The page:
KALASHA Kalasha are indigenous people of the Hindu Kush mountain range. They resides in the Chitral district of the North-West Frontier Province of Pakistan bordering Afghanistan. Kalasha speak the Kalash language (Origin of language is traced from Dardic family of the Indo-Iranian languages). They also understands urdu and pashto language. Kalasha are related to the Pashi and Nuristani people of the adjacent Nuristan province of Afghanistan. Kalasha are sometimes referred to as the “Wearers of the Black Robes.” Kalashi means black in their native language. There are less than 4,000 Kalash left. They were 3,554 to be precise when the last count was done in 2009.
ORIGIN & CULTURE The ancestors of Kalasha are migrated to Chitral from Afghanistan in the 2nd century BC. Some of the Kalasha people claim that the are descendants of Alexander the Greats soldiers and Scholars have also found many similarities in culture, religion and appearance between Kalash people and the ancient Greeks. kalasha are polytheists and nature plays a highly significant and spiritual role in their daily life and habitat. Kalasha people worship the 12 gods of the ancient Greeks. Kalasha mythology and folklore has been compared to that of ancient Greece, but they are found to be much closer to Indo- Iranian (Vedic and pre-Zoroastrian) traditions.
FESTIVALS Their are three main festivals of kalasha tribe: Joshi festival in late May, Uchau in autumn, Caumus in midwinter. Joshi -The first day of Joshi is "Milk Day", on which the Kalash offer libations of milk that have been saved for ten days prior to the festival. Uchal -The Uchal festival is celebrated in order to mark and safeguard the Harvest of wheat and barley. Festival starts from both Bumburet and Rambur, as these two valleys are the main source of providing these crops. Chomos- This festival is to celebrate the upcoming New Year. Older members of the valleys sit on the top of the hills to witness the dawn and the initial lights of sun striking their valleys. Until their declaration all the peoples remain in their homes. celebration starts with the sacrificing of the goats for goddess Jastak.
CUSTOMS Kalasha women usually wear long black robes, often embroidered with cowrie shells. Men have adopted the Pakistani shalwar kameez. children wear small versions of adult clothing after the age of six. Kalasha peoples do not separate males and females for sexual regions. At the time of Menstruating girls and women are sent to live in the bashaleni (the village menstrual building, during their periods, until they regain their "purity“). Women gives birth in the bashaleni and stay their at least 10 days. There is also a ritual restoring "purity" to a woman after childbirth which must be performed before a woman can return to her husband.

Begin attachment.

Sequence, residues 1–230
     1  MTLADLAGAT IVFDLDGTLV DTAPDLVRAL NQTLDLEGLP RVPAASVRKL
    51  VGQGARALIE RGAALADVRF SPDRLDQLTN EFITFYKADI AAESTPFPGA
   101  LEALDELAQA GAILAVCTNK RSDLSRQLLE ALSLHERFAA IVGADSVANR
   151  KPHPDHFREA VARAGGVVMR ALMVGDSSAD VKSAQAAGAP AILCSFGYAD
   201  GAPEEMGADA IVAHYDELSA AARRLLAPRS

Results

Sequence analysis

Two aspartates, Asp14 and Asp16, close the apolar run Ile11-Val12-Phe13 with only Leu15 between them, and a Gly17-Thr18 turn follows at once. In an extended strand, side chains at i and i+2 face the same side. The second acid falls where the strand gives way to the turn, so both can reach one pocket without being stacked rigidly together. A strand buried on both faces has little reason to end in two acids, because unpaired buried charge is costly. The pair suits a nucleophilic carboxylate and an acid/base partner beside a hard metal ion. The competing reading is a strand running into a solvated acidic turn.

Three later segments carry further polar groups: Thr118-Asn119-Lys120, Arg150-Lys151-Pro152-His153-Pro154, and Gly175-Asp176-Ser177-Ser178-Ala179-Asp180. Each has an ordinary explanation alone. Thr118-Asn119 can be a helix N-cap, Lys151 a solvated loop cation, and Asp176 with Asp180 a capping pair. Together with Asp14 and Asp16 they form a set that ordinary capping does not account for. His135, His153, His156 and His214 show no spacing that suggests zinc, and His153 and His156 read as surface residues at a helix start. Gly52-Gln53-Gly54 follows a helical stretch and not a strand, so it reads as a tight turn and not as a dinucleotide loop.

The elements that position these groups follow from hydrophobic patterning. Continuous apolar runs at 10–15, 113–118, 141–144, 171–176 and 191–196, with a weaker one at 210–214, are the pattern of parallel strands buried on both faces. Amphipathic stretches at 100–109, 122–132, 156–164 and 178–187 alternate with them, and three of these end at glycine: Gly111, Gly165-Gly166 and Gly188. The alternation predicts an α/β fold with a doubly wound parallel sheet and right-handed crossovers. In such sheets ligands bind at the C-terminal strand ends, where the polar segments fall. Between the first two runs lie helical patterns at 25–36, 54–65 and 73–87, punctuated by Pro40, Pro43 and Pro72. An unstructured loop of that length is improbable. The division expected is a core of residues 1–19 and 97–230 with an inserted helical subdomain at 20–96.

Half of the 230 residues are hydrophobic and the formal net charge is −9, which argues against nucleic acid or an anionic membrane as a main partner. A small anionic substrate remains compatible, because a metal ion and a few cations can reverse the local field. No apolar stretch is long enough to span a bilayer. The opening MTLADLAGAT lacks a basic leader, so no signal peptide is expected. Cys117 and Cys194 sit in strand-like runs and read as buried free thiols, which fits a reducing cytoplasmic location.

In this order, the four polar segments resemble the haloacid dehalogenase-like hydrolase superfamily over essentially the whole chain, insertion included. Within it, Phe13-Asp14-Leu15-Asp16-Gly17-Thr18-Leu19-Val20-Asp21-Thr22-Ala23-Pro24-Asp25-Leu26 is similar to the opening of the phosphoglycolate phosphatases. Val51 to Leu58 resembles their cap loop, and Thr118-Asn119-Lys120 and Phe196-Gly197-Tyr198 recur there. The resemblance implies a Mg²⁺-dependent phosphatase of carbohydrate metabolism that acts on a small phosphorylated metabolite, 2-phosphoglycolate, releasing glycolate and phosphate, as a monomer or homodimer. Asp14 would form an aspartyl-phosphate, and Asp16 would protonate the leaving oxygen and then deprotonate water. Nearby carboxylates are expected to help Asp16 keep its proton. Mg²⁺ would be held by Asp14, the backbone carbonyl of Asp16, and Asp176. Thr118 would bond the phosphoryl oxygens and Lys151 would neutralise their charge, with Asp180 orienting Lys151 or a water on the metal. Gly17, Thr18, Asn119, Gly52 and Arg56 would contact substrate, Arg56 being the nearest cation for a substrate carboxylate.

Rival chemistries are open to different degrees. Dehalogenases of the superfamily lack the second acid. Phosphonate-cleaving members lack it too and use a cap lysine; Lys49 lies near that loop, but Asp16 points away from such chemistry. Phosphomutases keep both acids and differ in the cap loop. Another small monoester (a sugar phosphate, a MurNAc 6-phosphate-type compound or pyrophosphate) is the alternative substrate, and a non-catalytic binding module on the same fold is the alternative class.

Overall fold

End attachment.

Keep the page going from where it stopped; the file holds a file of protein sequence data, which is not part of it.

Even if a boy is born, he is not considered as ‘man’ until he is sixyears old. The boy has to live with women and he is not allowed towear pants or pyjamas for six years since his birth. A big celebrationis held when a boy turns six and wears a ‘shalwar’ or pants. After thathe eats only with men and not with women. A goat is also sacrificedto mark the occasion and the meat is eaten only by the men. Kalasha girls are free to choose their life partners and also have theright to divorce.wife-elopement is one of the great customs(ghōna dastūr) togetherwith the main festivals. If a woman wants to change husbands, she writes a letter to herprospective husband offering herself in marriage and informing thathe would-be groom how much her current husband paid for her. Thisis because the new husband must pay double if he wants her.When any kalasha die, Dead bodies are kept in the coffin for two tothree days in the graveyard. Every Kalash community member insurrounding are informed about the death. Women in the family sitaround the body with their hair covering their faces while rest of thecommunity people keep on dancing around the body. The Kalashfrom different villages continue to come and join the celebrations.
WOMEN CLOTHING All women wear black robes called Piran and it takes at least nine metres of cloth to make one dress. Cheo over black robes piran. Nowadays the black robe has started drawing on diverse fashion influences and has come to be decorated with accessories and colourful embroidery coupled with beads, shells and coins.
WOMEN HEADGEAR Kalasha women wear an extraordinarily large headgear called Kopus. Kopus are embellished with buttons, beads and shells, which in some cases tops two kilogrammes in weight. Some suggest that the colorful headpiece resembles Macedonian war helmets. The cost of one dress varies from 2,500 rupees (Dh110) to 6,000 rupees (Dh180), which is a lot of money for the average Kalash.